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Italian Verdict Can Help Spur American Asbestos Reform
It’s been called one of the most important asbestos trials of all time.
Three judges sentenced two executives for the Swiss firm, Eternit, on Monday to 16 years in prison for their role in a massive asbestos contamination case in northern Italy. Jean-Louise de Cartier of Belgium and Stephan Schmidheiny of Switzerland failed to protect workers and residents near four manufacturing plants that produced asbestos products.
The company’s unconscionable disregard for the public’s health left more than 6,000 suffering from asbestos-related illness and more than 2,000 dead in northern Italy.
The case highlights the deadly consequences of working with asbestos. Dozens of nations have already banned the mineral. Amazingly, the United States lags behind. This Turin verdict should serve as a wake-up call around the globe, especially in America.
For several decades, Eternit had produced asbestos roof coverings and pipes at plants in Casale Monferrato and Cavagnolo in the Piedmont region, Rubiera in Emilia and Bagnoli in Campania. The company closed the plants in 1986, six years before Italy banned asbestos. In Casale Monferrato, workers paved roadways with asbestos concrete.
The plants plagued the cities for more than 40 years. Even years after they closed, residents complained of chest pains and difficulty breathing. Complications from breathing asbestos fibers normally become apparent years, sometimes decades, after exposure. The cases were geographically isolated and it became clear that the plants were to blame.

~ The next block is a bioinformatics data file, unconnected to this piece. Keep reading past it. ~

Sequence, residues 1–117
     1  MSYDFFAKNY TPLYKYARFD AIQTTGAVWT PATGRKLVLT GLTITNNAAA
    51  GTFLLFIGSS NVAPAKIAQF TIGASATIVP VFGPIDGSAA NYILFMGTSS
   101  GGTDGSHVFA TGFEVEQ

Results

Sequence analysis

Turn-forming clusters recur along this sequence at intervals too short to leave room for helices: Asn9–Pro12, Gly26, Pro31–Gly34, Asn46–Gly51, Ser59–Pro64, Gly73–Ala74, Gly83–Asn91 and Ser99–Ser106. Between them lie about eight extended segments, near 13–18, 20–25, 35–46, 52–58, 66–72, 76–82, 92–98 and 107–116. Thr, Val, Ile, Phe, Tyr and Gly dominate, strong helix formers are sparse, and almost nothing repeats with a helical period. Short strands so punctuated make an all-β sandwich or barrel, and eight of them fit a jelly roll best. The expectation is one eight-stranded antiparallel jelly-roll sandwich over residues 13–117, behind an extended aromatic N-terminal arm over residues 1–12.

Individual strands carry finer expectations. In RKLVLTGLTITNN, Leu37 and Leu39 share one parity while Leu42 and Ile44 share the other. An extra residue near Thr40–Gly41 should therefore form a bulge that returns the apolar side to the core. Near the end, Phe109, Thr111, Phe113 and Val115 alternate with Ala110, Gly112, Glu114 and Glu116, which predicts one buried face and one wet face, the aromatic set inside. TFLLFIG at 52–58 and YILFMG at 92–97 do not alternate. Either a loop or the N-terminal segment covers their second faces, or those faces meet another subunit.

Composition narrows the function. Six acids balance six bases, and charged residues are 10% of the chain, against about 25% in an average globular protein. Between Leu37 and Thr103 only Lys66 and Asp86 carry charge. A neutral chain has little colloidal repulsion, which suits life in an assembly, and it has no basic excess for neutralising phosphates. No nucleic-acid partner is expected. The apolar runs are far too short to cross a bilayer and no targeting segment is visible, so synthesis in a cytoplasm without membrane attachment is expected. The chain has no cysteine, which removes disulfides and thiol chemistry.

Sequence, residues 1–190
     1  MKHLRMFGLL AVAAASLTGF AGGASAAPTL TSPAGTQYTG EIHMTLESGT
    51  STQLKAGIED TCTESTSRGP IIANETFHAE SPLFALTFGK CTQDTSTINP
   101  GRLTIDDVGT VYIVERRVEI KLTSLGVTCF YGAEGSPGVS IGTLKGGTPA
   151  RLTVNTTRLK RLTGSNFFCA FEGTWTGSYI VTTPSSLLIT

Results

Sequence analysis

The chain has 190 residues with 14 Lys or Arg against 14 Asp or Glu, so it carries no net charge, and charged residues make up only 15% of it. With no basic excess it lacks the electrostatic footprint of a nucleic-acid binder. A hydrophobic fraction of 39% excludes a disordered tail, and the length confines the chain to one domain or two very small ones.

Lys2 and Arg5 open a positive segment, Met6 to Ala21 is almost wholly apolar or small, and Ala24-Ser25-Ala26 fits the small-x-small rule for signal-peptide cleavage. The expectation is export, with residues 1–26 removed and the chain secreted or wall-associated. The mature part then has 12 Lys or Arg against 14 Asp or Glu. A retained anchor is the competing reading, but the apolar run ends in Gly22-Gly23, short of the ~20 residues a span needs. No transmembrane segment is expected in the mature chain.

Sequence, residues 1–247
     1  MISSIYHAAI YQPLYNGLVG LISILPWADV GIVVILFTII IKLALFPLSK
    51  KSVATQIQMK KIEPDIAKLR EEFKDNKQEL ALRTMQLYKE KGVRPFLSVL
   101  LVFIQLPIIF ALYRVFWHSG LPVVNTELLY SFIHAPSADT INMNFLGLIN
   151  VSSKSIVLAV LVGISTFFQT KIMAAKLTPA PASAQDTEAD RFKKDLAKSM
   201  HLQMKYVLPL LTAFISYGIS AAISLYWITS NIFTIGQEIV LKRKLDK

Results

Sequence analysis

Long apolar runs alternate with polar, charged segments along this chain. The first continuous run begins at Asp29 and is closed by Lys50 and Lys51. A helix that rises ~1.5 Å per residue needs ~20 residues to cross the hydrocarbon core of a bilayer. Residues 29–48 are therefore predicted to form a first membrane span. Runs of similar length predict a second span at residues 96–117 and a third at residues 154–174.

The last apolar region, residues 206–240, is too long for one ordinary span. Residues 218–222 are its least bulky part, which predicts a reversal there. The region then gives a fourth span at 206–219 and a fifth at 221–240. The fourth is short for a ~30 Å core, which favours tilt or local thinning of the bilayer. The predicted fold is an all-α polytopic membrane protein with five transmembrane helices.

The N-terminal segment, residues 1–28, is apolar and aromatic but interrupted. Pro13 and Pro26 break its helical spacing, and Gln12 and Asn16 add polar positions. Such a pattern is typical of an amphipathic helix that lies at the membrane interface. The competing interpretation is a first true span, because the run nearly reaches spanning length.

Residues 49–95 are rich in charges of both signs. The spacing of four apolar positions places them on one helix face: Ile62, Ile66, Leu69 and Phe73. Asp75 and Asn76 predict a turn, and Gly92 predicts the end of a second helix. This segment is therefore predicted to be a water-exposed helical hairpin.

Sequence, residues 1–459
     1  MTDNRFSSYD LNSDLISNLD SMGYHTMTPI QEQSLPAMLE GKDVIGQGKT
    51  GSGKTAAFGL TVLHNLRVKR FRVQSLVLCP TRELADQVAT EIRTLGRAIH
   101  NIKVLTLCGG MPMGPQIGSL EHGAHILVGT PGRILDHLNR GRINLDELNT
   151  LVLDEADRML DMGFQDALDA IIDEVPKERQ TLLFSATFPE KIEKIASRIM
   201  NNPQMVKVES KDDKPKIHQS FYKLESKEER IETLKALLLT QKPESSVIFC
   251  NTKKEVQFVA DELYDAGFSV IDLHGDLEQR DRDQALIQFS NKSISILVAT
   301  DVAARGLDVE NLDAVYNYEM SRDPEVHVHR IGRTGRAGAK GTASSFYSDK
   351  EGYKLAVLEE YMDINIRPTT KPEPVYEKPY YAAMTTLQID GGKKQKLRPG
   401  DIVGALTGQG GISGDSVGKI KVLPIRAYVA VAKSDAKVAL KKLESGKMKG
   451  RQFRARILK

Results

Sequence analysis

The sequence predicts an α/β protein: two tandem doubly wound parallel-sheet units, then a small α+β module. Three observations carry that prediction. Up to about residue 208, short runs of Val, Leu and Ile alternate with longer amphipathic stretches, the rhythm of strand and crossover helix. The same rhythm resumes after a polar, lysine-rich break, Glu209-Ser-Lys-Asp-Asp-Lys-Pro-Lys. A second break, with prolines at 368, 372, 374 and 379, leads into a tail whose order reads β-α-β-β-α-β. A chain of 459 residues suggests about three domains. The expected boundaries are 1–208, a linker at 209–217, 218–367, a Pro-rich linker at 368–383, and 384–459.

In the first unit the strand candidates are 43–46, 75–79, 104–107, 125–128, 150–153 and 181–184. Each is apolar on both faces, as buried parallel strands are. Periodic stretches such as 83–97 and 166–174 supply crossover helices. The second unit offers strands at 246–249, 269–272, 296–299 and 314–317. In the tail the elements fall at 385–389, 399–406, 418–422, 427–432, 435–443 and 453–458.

Prosecutors proved that the company didn’t provide safety measures for the workers. And the executives failed to capture the fibers before they were released into the air and carried throughout the region.
The three-judge panel ordered monetary compensation for about 6,300 victims or their relatives. News reports said the two executives were ordered to pay the equivalent of $32.5 million American dollars to Casale Monferrato and $26 million to the Piedmont region. One woman was awarded the equivalent of $315,000 American dollars after losing her husband, daughter and three other relatives to asbestos-related diseases.
By jailing the two Swiss executives, the Turin judges have said that killing thousands while ignoring the dangers of asbestos is a criminal act. Now it’s time to bring that decision home and prepare the American asbestos industry for its own pair of shackles.